Skeletal muscle triad junction ultrastructure by Focused-Ion-Beam milling of muscle and Cryo-Electron Tomography

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Terence Wagenknecht *
Chyongere Hsieh
Michael Marko
(*) Corresponding Author:
Terence Wagenknecht | terence.wagenknecht@health.ny.gov

Abstract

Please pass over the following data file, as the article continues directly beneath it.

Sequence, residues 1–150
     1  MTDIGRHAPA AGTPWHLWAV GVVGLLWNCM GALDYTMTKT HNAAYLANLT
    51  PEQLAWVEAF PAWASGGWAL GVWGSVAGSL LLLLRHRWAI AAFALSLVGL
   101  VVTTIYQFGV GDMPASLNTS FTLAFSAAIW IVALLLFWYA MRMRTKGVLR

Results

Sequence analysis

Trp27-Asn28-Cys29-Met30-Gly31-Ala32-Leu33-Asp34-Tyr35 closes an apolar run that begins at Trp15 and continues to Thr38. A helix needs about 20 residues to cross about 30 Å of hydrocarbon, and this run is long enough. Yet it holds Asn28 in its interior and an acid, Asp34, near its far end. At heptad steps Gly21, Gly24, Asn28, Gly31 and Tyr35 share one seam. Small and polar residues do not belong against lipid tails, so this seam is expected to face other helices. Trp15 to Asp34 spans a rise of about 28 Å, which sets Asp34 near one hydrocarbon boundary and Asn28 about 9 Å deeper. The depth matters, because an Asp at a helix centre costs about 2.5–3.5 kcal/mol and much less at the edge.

Cryo-electron tomography (cryo-ET) has emerged as perhaps the only practical technique for revealing nanometer-level three-dimensional structural details of subcellular macromolecular complexes in their native context, inside the cell. As currently practiced, the specimen should be 0.1- 0.2 microns in thickness to achieve optimal resolution. Thus, application of cryo-ET to intact frozen (vitreous) tissues, such as skeletal muscle, requires that they be sectioned. Cryo-ultramicrotomy is notoriously difficult and artifact-prone when applied to frozen cells and tissue, but a new technique, focused ion beam milling (cryo-FIB), shows great promise for “thinning” frozen biological specimens. Here we describe our initial results in applying cryo-FIB and cryo-ET to triad junctions of skeletal muscle.

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